Healthcare facilities are an important part of our society, and it’s hard to imagine a world without them. However, while saving lives and restoring hopes, hospitals, like any other facility, end up leaving a footprint behind. Statistics show that the U.S healthcare industry accounts for nearly 8.5 percent of the total carbon footprint emissions produced by the country. 

Regardless of its size, every hospital struggles with waste management. Let’s face it. Hospital waste streams are not just large but also complex. On top of that, it’s not easy to run a facility where everything needs to be top-notch in terms of care, hygiene, and overall quality at all times. 

In this article, we will discuss why healthcare facilities have difficulty achieving zero waste and how they can start their zero waste journey. 

Types of Healthcare Waste 

General Medical Waste

General medical waste is non-hazardous waste. What’s interesting to note about healthcare waste is that only a small percentage of it is hazardous. WHO reports that only 15 percent of the waste generated by healthcare activities is hazardous. The remaining 85 percent of the healthcare waste is generally non-hazardous. 

Infectious Medical Waste 

This waste poses a great threat to humans, animals, and the environment. It is contaminated with blood and sample waste from patients and laboratories, which may contain infectious diseases. 

Hazardous Medical Waste 

Hazardous medical waste is dangerous and can cause serious harm. It includes needles, sharps, blades, various chemicals, and solvents.  

How is Healthcare Waste Usually Managed?


The oldest and most common method for healthcare waste management is incineration — the controlled burning of waste. The process generally involves burning organic waste at a very high temperature. This generates certain gases such as carbon dioxide and toxic chemicals.

Chemical Disinfection

Chemical disinfection treats liquid waste such as blood, urine, and stool. It also kills microorganisms from medical equipment, floor, and walls. The added chemical kills or inactivates the pathogens. 

Land Disposal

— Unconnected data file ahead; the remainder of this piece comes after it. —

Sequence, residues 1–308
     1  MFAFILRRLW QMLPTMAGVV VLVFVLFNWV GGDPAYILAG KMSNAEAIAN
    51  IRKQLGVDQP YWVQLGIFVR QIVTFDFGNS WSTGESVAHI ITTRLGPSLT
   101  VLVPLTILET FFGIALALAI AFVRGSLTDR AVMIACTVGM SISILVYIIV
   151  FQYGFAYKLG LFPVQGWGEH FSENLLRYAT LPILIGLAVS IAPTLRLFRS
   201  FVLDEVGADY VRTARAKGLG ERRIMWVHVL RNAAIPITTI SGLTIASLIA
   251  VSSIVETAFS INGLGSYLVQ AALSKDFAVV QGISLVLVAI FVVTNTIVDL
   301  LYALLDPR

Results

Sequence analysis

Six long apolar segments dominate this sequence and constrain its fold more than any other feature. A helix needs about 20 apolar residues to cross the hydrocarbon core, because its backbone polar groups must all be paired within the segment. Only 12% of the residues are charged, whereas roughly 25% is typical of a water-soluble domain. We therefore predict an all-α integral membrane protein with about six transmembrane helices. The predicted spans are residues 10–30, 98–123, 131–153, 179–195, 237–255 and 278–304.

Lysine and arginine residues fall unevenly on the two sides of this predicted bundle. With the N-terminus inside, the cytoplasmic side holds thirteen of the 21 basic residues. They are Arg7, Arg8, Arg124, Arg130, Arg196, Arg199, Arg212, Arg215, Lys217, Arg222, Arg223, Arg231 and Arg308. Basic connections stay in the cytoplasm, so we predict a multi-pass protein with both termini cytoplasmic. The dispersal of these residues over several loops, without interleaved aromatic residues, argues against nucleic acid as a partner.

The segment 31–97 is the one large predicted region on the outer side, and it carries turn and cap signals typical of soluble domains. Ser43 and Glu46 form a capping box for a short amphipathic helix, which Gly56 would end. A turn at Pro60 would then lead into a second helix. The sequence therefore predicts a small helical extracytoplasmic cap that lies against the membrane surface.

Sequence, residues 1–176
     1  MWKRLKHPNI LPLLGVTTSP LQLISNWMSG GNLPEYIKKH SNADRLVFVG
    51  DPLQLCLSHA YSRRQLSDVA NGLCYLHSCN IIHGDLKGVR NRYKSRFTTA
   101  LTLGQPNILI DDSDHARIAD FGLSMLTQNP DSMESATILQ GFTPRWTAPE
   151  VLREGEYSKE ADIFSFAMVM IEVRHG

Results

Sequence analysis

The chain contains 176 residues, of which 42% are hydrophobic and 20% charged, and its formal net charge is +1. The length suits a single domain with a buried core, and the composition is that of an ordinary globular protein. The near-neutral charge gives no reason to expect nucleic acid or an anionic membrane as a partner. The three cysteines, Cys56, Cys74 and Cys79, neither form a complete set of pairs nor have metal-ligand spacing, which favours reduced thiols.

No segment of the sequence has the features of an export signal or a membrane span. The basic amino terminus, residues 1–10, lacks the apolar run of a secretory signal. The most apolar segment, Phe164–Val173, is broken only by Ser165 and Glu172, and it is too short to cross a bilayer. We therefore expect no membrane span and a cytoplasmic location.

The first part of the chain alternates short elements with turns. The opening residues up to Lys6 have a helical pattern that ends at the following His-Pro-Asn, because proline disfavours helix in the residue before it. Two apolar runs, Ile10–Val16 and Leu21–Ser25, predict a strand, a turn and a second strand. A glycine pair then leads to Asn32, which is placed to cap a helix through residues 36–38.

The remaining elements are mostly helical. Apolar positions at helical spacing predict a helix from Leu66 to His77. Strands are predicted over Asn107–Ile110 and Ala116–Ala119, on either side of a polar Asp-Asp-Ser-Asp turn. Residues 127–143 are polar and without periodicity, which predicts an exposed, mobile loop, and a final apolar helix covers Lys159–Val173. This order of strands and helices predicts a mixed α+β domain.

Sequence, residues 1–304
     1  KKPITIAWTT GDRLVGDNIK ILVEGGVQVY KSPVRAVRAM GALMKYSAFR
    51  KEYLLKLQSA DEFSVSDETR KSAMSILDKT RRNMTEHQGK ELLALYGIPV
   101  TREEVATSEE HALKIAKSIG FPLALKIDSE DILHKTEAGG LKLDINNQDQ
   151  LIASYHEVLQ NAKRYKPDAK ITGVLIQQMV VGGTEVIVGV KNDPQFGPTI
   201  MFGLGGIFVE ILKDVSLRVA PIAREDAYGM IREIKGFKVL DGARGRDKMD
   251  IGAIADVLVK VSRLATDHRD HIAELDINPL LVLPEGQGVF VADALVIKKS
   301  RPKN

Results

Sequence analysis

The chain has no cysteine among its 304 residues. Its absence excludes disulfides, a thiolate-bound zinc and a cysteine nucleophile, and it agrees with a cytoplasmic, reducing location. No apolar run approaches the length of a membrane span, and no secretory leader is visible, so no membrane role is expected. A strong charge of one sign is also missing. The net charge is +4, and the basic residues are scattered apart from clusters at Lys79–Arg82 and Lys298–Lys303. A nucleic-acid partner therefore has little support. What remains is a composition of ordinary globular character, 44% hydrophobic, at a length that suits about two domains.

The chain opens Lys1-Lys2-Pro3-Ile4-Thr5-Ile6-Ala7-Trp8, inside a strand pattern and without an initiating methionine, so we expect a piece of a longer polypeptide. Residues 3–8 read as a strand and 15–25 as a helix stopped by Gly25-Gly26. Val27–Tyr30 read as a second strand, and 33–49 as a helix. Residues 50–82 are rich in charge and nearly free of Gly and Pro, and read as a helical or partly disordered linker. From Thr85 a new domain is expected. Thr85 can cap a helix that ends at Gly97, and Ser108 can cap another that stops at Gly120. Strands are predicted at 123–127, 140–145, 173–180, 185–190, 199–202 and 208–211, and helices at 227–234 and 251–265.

Land disposal is strictly waste disposal, not a waste treatment method. There are generally two types of land disposal:

  • Sanitary landfills are designed to dispose of hazardous waste. They’re designed to prevent contamination of soil and surface and groundwater. 
  • Open dumps are unmanaged places where waste is usually scattered, leading to further transmission of infection. 


Autoclaving is the process of treatment in a pressurized state. This method uses an autoclave and is generally used to sterilize reusable medical equipment. 


Encapsulation is the method of disposing of sharps and chemical and pharmaceutical waste. In this process, high-density polyethylene or metallic drums are partially filled with waste, and the remaining portion is filled with mortar, dried, and sealed before disposal. The goal is to reduce the risk of scavengers or stray animals getting their hands on hazardous healthcare waste. 


The process of mixing healthcare waste with cement and other substances before disposal is called inertization. It’s suitable for pharmaceuticals and incineration ashes with high metal content. Although, inertization is an expensive and not generally recommended process. 

Factors Impacting Hospital Zero Waste Journey

Unused Medical Supplies

In hospitals, unused medical equipment such as syringes and thermometers are discarded every minute. A study published by the Journal of Neurosurgery reports that about $968 of medical supplies are wasted in an average neurosurgical OR per procedure. Another study found that within 24 hours, the ER at the Massachusetts General Hospital threw away nearly 200 unused items.